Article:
A crucial component of generating power in the swing is ankle mobility. More specifically, dorsiflexion mobility, which is the bend in the ankle where your foot flexes towards your head. From the top of your downswing the ankle progressively flexes more and more until maximum ankle dorsiflexion occurs just before impact. The greater dorsiflexion you have the more you can impart muscle force into the ground and thereby create a reaction force from the ground. The reaction force is what enables you to generate maximum power from the glute muscles and the rest of the leg. It is what produces club speed and, therefore, distance.
Our demands on the ankle don’t end there though. In addition, we require the ankle to be dynamically stable and not collapse in the downswing into what’s commonly known as pronation. A muscle called the tibialis posterior (A) is your chief stabilizer here. So it’s very important that this muscle is strong but flexible.
The other variable to consider is that a lack of mobility in the ankles — or asymmetry in ankle mobility — leads to swing problems, such as coming out of one’s posture early in the downswing. This often leads to nasty habits, like topping the ball or big sweeping slices.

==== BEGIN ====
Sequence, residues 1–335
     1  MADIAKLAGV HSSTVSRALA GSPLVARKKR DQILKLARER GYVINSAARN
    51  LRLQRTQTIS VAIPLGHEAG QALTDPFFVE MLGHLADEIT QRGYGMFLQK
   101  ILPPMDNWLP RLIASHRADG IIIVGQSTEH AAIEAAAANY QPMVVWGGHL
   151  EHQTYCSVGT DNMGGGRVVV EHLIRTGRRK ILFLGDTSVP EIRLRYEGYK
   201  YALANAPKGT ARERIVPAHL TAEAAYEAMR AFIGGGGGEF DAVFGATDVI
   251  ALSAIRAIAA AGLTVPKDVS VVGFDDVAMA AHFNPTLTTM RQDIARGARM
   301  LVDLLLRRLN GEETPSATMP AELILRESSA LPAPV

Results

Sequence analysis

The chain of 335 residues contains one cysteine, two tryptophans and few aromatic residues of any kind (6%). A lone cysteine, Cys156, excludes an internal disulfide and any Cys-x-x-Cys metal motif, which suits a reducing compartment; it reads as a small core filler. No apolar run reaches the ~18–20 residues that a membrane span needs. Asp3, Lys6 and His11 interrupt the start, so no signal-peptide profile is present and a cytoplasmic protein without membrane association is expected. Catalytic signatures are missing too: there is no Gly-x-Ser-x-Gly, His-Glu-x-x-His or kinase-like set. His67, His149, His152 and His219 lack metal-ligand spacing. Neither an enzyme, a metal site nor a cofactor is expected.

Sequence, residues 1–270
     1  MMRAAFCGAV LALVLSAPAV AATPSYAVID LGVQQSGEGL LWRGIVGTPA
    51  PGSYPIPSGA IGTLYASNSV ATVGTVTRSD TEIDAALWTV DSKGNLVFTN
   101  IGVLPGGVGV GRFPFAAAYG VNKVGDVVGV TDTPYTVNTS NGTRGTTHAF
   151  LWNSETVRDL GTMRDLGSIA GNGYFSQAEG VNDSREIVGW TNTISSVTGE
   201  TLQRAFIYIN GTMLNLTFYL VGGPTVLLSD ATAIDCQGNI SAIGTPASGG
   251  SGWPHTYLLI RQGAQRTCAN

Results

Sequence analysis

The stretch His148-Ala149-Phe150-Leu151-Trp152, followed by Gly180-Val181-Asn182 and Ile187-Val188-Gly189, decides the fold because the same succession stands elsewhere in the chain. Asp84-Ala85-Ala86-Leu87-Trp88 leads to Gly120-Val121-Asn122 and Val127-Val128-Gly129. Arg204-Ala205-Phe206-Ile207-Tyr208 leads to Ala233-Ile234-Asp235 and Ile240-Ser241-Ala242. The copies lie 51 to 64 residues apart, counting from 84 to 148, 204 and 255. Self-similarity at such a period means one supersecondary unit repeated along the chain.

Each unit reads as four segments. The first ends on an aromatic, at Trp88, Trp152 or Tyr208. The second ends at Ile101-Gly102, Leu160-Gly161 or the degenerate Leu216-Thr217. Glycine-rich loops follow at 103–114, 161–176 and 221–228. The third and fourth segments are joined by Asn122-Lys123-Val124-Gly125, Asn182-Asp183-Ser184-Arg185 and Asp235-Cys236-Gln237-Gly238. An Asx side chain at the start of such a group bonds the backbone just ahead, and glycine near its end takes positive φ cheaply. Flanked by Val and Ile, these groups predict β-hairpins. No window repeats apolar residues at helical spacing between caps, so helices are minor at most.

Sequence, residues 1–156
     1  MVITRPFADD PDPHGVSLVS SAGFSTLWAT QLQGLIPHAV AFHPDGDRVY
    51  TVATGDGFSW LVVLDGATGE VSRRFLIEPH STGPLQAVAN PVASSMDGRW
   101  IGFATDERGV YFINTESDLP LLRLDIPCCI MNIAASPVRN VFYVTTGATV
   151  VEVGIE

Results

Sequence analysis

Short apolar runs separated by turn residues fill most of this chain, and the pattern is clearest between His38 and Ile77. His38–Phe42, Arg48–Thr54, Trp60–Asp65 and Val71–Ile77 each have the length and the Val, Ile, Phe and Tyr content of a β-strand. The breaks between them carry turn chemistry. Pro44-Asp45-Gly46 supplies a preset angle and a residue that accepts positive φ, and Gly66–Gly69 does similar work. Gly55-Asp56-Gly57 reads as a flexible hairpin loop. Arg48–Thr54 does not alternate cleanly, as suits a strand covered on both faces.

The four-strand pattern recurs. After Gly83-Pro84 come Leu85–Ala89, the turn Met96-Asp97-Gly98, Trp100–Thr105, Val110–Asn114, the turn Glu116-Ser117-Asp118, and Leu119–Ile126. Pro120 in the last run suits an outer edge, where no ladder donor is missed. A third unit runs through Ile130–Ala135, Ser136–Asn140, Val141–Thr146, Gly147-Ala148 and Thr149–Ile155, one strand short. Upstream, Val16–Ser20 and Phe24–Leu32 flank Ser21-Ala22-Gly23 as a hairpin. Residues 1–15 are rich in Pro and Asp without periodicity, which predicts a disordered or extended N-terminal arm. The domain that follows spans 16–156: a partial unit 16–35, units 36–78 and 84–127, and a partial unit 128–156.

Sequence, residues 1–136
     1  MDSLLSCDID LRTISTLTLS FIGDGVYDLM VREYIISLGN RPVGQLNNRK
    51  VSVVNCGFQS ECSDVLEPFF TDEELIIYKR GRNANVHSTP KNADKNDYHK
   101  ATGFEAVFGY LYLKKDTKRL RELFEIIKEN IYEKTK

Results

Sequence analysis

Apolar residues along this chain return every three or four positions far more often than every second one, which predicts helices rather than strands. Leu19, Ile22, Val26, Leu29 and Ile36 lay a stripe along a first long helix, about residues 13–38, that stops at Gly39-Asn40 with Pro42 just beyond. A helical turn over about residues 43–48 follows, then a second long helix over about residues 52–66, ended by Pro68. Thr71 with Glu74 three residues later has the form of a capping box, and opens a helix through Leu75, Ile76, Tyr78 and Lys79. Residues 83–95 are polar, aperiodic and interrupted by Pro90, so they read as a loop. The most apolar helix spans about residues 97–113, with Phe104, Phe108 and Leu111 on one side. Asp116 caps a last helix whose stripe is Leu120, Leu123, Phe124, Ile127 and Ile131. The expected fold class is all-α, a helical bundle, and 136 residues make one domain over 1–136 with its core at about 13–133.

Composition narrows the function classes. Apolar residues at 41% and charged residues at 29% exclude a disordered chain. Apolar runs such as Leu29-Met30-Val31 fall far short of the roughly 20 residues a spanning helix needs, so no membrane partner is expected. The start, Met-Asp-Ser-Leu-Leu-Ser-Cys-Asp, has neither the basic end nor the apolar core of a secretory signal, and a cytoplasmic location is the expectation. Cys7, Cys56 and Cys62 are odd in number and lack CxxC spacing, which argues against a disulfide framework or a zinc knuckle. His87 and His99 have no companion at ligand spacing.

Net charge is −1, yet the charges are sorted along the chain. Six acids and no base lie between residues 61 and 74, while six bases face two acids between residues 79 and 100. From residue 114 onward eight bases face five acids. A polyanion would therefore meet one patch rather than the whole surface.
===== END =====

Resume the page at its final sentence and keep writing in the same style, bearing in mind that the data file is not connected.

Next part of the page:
However, spend three weeks performing these two exercises and watch your ankle compression improve and your golf ball soar.
Very straightforward: use the shaft of an iron to work out and massage the calves at the back of your leg. Do this for three minutes on each leg before hitting the first tee box.
Wrap a rubber band around the ball of your foot while holding the opposite end of the band with your hand. On the count of two seconds, push your ankle down and in towards the other foot. Hold for another second before returning to the start position for three seconds. Repeat until fatigue.